Wednesday saw a split day in the grain markets as July soybean oil closed up 2.99 cents, ending near its previous 2021 high of 70.49 cents with support from a lower soybean crush in April and rising diesel prices. Corn prices finished 13 3/4 cents lower, while September Minneapolis wheat was up 12 3/4 cents, both markets being sensitive to the latest forecasts.
Corn turned more cautious with rain falling in the Eastern Corn Belt and increased chances for rain in the 6- to 10-day forecast. Among major corn-producing states, southern Indiana and Ohio have the best rain chances the next seven days, while the rest of the region is limited to light amounts. Starting Thursday, Montana and the Dakotas will see highs in the 90s that spread toward the Great Lakes the next several days and hit triple digits at times. USDA’s 76% good-to-excellent crop rating from Tuesday afternoon is a flattering start but doesn’t say anything meaningful about how this year’s harvest will go. A closer look confirms early problems from a lack of moisture in the Dakotas and in Missouri where 42% of topsoil moisture is considered surplus. USDA said 95% of the corn crop was planted and 87% had emerged, well ahead of the usual schedule.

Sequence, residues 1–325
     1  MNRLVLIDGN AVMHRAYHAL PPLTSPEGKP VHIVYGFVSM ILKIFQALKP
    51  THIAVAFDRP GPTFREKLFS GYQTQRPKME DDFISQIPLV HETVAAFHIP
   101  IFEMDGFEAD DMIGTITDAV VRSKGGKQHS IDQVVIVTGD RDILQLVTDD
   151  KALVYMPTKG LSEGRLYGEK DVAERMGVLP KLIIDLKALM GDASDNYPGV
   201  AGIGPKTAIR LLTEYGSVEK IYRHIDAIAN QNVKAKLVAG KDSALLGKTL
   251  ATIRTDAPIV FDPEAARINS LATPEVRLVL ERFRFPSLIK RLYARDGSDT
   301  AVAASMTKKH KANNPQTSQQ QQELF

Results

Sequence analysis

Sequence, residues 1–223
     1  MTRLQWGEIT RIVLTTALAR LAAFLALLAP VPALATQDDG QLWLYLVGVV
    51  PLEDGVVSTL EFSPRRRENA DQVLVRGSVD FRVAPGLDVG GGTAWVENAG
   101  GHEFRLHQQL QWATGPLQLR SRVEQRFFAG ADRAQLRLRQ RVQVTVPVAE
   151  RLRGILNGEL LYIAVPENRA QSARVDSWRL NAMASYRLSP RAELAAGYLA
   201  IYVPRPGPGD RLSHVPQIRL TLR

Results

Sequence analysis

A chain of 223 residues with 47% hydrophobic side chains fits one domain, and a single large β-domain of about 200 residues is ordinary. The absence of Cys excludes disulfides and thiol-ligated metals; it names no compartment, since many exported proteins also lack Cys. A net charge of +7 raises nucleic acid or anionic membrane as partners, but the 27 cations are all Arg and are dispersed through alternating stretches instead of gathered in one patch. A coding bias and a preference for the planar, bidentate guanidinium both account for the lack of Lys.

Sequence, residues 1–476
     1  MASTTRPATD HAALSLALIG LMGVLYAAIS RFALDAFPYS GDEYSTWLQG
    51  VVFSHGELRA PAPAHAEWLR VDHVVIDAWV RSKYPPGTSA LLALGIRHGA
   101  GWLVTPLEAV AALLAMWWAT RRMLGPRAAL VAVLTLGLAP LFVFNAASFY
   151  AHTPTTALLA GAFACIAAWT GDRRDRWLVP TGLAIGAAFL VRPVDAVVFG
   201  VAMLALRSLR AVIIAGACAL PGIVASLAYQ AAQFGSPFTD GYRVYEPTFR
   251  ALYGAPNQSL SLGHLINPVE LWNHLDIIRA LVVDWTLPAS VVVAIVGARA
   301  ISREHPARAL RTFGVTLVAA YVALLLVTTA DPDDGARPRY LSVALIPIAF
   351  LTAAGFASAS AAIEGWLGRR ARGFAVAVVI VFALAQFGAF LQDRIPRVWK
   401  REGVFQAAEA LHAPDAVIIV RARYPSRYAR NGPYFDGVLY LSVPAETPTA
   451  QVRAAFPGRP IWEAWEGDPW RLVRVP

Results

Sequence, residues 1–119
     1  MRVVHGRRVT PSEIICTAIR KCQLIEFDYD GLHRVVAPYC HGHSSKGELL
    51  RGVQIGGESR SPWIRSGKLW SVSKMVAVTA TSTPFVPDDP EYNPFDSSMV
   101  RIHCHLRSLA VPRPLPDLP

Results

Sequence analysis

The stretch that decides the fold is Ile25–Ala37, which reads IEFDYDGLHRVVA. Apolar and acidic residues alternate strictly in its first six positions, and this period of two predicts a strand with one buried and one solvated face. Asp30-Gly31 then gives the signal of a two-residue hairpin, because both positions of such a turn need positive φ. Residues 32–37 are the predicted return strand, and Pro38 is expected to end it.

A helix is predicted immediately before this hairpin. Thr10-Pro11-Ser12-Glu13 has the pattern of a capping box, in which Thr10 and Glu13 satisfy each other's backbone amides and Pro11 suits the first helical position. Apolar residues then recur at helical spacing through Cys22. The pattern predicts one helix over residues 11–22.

Meantime, cattle futures rebounded on Wednesday as the market still sorts out the JBS cyberattack impacts. Hogs were lower.
Farm and Ranch Director Jesse Allen has our closing report: https://lightningstream.com/ajax/GetODFile.ashx?call=MIDWEST&fileid=1406
Also, more market analysis from Wednesday with Jesse Allen and Mike Zuzolo of Global Commodity Analytics on Market Talk: